University of Rochester

Daphne Bavelier: Your Brains on Action Games

screenshot from video featuring Daphne Bavelier

Professor of Brain and Cognitive Sciences Daphne Bavelier studies how playing action video games affects several aspects of perception, attention, and cognition. Her research has found that action video game playing enhances several skills, including low-level vision (enhanced contrast sensitivity function), various aspects of attention (ability to monitor several objects at once, to search through a cluttered scene, to detect an event of interest in fast-forwarding video), more complex task constructs (multi-tasking, task-switching) and, finally, a general speeding of perceptual processing.

In this TEDx talk delivered at the TEDxCHUV event in Lausanne, Switzerland on June 22, 2012, Bavelier describes how video games affect the brain in some surprising ways.

More on Professor Daphne Bavelier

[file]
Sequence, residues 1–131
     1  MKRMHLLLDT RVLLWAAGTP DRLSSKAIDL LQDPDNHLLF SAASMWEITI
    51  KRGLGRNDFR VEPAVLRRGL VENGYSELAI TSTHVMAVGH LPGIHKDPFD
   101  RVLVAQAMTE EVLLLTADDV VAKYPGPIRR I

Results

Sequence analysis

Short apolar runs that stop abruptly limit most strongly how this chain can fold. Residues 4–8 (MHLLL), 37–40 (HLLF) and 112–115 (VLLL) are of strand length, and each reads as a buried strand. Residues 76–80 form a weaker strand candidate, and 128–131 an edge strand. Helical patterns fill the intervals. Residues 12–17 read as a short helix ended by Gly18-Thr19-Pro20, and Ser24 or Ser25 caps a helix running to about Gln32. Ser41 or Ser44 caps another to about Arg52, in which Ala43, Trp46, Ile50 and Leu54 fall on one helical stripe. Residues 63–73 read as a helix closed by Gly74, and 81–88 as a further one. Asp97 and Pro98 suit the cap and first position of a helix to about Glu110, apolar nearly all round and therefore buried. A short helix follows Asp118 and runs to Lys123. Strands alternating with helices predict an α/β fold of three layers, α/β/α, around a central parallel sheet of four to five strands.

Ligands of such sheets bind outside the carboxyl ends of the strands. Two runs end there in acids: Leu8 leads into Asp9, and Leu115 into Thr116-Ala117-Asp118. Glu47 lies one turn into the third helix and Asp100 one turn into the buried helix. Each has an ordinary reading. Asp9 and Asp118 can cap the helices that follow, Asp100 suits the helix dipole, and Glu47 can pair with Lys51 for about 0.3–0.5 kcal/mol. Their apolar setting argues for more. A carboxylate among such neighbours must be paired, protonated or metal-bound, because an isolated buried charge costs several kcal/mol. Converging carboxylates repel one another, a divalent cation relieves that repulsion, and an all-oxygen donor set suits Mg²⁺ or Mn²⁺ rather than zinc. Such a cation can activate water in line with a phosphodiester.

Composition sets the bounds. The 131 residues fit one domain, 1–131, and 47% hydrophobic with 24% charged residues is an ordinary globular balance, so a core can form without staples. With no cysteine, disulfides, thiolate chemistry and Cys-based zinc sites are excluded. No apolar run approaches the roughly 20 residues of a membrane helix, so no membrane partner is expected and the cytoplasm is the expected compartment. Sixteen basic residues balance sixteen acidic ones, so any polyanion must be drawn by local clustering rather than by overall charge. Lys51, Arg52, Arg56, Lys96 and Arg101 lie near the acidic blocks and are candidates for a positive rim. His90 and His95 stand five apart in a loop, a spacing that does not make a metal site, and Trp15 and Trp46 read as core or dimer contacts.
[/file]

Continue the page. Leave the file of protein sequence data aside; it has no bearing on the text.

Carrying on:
Brain and Learning Lab
Research overview and recent publications.

Faculty experts: Daphne Bavelier
Links to recent news releases and coverage of Professor Bavelier's work.

When Gaming Is Good for You
Wall Street Journal. Hours of intense play change the adult brain; better multitasking, decision-making and even creativity. (March 5, 2012)

Video Games Boost Brain Power, Multitasking Skills
NPR, listen to the story. (December 7, 2010)

Action Video Games Found to Sharpen Decision-Making
CBS News. Researchers say they have established for the first time a connection between playing first-person shooter games and making fast and accurate decisions. (September 13, 2010)

Action Video Games Sharpen Vision 20 Percent
Video games that contain high levels of action, such as Unreal Tournament, can actually improve your vision. (February 6, 2007)

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